By Jenn Watt
Published August 29, 2017
From the vantage point of 2017, the history of Haliburton School of Art and Design seems serendipitous in the way it grew out of the seed of discussion into a major employer and cultural driver in the Highlands.
It’s hard to believe that in 50 years, the discussion of a group of artists dreaming at a dinner party could spawn the momentum to create what today attracts thousands to Haliburton to express their creativity and embrace the landscape.
After experiencing the high calibre instruction and artistic community, many return year after year. It’s common for students and instructors to purchase seasonal and fulltime residences, becoming part of the fabric of Haliburton – making us richer.
Of course it wasn’t serendipity or any magic that made HSAD into the success story it is today. It was many people feeling ownership and love for an institution, which grew because of their effort.
What is most remarkable about HSAD, and the larger Haliburton community in general, is what a big dream it has always been. Its founders imagined a “Banff of the east” and pursued that vision. They took practical steps and slowly started to build. Joined with Fleming College, it grew year over year. Staff aimed for excellence and that’s what they produced.
When it came time to expand in a big way, again, big dreams became reality with a new campus in 2004 to accommodate the ever-growing demand for an arts college in the woods.
All along the way, it has been because people have been willing to dream big and take risks that the college has grown. Had that original crew of artists decided the idea was too absurd the school would never have started. Had staff of the school, government funders, the municipality and the generous community not believed in what the school was capable of achieving, the new campus would never have been built.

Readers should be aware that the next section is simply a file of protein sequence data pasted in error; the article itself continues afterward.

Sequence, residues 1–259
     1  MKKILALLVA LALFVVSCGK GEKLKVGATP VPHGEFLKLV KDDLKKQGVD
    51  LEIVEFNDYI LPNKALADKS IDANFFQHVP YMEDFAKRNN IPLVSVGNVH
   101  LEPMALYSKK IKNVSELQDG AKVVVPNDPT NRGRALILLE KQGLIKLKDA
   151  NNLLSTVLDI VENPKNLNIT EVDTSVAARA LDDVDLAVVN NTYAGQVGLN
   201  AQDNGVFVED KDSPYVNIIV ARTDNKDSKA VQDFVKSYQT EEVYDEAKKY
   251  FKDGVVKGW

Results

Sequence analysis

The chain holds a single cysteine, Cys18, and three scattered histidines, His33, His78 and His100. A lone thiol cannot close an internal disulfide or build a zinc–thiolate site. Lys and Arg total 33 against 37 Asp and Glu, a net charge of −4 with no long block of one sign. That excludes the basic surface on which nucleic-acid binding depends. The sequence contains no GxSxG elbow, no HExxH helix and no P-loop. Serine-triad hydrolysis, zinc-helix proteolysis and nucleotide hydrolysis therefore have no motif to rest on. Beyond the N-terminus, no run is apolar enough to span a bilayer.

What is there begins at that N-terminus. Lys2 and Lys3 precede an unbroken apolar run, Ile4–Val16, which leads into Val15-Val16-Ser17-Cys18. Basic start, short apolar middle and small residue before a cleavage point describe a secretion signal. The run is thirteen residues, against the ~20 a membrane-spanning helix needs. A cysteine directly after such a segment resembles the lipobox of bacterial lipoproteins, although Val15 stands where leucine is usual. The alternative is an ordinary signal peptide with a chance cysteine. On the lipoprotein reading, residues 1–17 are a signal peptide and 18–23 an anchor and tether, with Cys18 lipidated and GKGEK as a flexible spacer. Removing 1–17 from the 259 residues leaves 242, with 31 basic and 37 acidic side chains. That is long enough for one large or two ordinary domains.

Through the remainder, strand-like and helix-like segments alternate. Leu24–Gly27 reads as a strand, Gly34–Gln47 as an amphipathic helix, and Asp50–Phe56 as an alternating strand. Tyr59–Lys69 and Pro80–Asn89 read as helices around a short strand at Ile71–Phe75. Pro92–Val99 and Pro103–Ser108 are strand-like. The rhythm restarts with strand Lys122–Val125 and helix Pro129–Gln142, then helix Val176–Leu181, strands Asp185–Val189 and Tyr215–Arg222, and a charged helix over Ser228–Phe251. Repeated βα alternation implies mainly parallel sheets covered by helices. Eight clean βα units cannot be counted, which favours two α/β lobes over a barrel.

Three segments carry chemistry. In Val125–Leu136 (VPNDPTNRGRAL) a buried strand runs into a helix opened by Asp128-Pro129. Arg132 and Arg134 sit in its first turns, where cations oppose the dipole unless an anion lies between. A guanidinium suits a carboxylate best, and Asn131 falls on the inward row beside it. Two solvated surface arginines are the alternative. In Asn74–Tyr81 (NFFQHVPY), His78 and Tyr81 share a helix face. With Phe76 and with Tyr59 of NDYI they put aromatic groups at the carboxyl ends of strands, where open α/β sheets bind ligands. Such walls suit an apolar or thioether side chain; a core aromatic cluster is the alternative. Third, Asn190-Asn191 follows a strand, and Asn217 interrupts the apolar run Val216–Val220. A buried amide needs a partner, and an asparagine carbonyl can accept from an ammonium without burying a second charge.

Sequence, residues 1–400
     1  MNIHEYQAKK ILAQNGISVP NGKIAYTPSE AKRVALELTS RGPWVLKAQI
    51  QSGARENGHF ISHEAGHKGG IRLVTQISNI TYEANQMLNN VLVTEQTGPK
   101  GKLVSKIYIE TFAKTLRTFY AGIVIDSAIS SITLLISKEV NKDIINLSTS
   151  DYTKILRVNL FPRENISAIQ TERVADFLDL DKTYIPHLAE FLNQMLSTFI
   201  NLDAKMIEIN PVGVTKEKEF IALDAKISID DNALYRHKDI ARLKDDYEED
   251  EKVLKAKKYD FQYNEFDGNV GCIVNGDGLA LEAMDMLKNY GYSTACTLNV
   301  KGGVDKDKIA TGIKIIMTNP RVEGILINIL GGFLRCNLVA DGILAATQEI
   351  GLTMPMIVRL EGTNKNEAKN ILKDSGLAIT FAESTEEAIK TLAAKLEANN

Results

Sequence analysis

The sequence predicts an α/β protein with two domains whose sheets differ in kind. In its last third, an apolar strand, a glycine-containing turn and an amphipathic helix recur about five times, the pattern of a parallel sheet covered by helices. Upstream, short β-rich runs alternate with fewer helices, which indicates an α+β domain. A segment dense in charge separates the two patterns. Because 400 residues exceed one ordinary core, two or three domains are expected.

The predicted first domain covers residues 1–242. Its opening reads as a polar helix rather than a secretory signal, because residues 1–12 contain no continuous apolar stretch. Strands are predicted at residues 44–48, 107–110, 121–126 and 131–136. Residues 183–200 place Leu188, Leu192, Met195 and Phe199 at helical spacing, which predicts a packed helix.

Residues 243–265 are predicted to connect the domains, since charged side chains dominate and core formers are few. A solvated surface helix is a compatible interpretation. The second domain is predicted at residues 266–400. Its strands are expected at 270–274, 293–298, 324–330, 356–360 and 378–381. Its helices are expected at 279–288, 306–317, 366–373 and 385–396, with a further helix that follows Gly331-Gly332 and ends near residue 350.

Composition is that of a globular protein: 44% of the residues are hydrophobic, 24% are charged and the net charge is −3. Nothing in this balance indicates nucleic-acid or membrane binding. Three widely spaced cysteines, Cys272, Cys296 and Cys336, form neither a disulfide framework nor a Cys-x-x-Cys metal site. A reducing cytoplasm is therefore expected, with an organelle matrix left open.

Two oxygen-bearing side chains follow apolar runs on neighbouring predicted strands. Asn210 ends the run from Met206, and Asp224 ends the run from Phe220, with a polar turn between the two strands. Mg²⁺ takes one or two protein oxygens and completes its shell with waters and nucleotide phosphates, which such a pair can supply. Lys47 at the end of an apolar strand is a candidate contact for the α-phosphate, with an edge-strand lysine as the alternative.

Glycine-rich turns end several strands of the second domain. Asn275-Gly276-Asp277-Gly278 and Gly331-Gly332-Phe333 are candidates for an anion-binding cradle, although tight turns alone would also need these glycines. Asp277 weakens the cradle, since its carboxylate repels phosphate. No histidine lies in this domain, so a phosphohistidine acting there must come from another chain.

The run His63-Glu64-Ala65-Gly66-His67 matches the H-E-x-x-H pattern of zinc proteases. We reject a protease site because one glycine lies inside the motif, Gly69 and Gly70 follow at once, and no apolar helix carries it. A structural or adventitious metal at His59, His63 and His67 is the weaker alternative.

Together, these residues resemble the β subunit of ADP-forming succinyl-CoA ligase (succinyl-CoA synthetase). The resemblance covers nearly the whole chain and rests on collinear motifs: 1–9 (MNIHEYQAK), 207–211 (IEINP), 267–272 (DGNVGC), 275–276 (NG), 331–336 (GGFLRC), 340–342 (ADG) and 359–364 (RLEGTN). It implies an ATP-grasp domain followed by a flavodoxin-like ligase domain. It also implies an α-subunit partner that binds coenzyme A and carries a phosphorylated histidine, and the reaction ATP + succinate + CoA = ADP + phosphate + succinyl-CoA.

HSAD isn’t the only Haliburton institution to demonstrate the power of big dreams powered by the engine of a supportive community. Our two village hospitals, the Northern Lights Performing Arts Pavilion and the elementary school campuses show similar vision.
When the alternate education centre was being renamed for former school board trustee Leonard Salvatori, he told the audience about the risk the board took in buying the land that now connects JDHES, SBES, the alternate ed centre with the high school. An investment at the time ended up creating a large, public property for local children to enjoy, giving the board plenty of room to grow.
It has paid off time and again when this community has decided to embrace big dreams and pool resources for major projects.
Creative thinking and a willingness to take some risk has greatly improved the lives of people in the Highlands and has worked to attract new people to the community.
It is a good lesson as we move forward, planning next phases for the Highlands.
While not every big idea will be a winner, we do need to keep our minds open to taking risks for the betterment of the whole.